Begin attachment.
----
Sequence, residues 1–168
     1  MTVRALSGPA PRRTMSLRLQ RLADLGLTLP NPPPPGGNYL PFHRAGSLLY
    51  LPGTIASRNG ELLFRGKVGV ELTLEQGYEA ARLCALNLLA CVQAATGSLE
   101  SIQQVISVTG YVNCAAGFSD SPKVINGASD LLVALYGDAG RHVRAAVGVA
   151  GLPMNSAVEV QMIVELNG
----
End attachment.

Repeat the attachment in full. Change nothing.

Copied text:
Sequence, residues 1–168
     1  MTVRALSGPA PRRTMSLRLQ RLADLGLTLP NPPPPGGNYL PFHRAGSLLY
    51  LPGTIASRNG ELLFRGKVGV ELTLEQGYEA ARLCALNLLA CVQAATGSLE
   101  SIQQVISVTG YVNCAAGFSD SPKVINGASD LLVALYGDAG RHVRAAVGVA
   151  GLPMNSAVEV QMIVELNG